26 July 2016

Adeniums Blooming (2016)...with Autumn Update!

You have to admit, adeniums do not hold back when they are healthy. Fortunately they are some of the easiest plants to grow. People like to obsess and complicate the process but you really do not have to.

A lot of the adeniums on the bench are scheduled for pruning this year but of course this is the time they picked to bloom. It takes forever for the buds to develop sometimes. A one-centimeter bud often will not mature for another month. The best thing to do is just stop watching it. In the meantime, a blooming plant will need regular watering and will be less forgiving of drying out. Weekly drenching is alright, but sometimes they need more.
A grafted obesum bought from Rinoa Chen, a grower in Taiwan. She calls thisAlso from Ms. Chen, called Superstar of Tomorrow. In short, Ate Guy.
Also from Ms. Chen. She calls this Fancy Girl
A. obesum "Black Widow"
A. obesum "Rik Ni Ran"
A. obesum x crispum
Cheesy group shot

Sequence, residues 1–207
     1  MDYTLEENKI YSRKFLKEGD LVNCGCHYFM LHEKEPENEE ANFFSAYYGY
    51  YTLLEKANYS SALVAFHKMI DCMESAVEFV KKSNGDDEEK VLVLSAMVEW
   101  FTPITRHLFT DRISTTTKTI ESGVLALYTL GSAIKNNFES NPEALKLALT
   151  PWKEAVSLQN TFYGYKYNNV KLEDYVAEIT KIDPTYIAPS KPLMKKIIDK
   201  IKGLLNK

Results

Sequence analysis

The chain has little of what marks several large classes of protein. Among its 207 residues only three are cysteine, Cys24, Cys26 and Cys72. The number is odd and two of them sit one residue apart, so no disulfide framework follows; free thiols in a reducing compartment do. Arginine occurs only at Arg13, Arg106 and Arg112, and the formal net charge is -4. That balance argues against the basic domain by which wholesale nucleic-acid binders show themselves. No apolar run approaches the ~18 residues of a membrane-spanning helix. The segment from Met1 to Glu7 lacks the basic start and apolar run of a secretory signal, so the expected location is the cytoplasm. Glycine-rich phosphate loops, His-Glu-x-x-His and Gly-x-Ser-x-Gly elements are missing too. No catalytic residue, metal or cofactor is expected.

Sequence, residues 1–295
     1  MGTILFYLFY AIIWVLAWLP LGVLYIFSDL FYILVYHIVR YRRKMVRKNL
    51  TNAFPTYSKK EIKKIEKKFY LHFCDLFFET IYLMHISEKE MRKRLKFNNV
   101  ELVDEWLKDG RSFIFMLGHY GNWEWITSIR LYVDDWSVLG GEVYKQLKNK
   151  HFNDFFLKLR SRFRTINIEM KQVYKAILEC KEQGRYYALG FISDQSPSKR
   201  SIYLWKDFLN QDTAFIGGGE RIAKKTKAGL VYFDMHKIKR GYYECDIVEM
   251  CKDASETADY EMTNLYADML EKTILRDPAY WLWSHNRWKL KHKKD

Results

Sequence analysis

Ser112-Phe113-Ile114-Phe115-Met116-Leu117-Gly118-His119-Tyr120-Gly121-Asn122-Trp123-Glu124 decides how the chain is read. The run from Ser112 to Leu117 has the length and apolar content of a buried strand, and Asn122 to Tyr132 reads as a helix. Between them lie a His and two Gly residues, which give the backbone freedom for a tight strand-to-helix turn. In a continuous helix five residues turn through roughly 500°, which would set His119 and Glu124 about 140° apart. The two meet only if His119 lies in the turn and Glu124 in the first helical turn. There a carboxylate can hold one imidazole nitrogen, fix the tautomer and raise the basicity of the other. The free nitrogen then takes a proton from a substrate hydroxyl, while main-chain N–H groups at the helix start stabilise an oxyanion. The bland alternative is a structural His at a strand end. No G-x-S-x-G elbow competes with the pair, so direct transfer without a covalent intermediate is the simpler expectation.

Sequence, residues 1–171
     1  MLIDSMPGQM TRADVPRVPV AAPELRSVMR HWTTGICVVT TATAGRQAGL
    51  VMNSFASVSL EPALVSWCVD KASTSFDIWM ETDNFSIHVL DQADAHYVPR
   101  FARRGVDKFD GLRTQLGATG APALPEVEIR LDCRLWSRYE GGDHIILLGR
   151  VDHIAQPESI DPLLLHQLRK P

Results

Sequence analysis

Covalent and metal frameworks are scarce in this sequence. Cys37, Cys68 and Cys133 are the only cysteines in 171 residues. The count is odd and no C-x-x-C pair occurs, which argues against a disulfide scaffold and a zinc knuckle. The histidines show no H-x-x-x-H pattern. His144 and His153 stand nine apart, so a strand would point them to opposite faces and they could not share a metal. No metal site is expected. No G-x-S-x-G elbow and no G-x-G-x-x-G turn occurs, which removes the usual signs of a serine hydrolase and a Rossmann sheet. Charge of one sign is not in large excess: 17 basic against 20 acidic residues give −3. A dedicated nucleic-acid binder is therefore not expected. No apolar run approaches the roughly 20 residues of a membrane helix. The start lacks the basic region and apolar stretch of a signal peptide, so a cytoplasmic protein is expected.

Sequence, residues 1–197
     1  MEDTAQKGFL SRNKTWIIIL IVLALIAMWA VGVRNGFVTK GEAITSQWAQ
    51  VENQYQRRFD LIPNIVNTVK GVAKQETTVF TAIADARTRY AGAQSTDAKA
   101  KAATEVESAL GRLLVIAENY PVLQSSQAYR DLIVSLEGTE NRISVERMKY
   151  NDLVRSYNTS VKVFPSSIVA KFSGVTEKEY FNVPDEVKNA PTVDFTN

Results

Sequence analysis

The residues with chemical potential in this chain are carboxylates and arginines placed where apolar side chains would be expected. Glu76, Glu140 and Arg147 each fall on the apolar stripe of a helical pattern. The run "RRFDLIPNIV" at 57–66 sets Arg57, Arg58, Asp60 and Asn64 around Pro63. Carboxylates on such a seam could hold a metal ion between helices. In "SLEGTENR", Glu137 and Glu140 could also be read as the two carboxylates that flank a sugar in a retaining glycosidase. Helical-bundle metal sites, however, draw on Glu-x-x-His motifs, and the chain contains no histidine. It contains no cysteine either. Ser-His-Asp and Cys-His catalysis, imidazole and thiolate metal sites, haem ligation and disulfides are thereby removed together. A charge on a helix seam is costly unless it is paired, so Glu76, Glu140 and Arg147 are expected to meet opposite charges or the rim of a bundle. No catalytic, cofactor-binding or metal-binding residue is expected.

Breaking Dawn. Looks really yellow but we'll see. I hope it will not have streaks of pink. I hate that.
And even well into autumn, adeniums may keep blooming---some of mine, in fact, only bloom in autumn like this White Flora below.

Another Dimmit plant also bloomed for the first time, this specimen of Adenium obesum x crispum. It's not really the kind of flower I like but if you get a bloom that you don't like on a plant that you don't particularly like to keep, remember that the first ever bloom of seed-grown plants are not always the same as its subsequent blooms. Give it another go and see how its second wave of inflorescence will look.
This one will get one more chance.


  1. I have a mutated adenium. How can i post the picture?

  2. I have a mutated adenium. How can i post the picture?

    1. Hm...I can't find a gadget that will allow you to do that but you can email it to me and I can put it in the body of the post?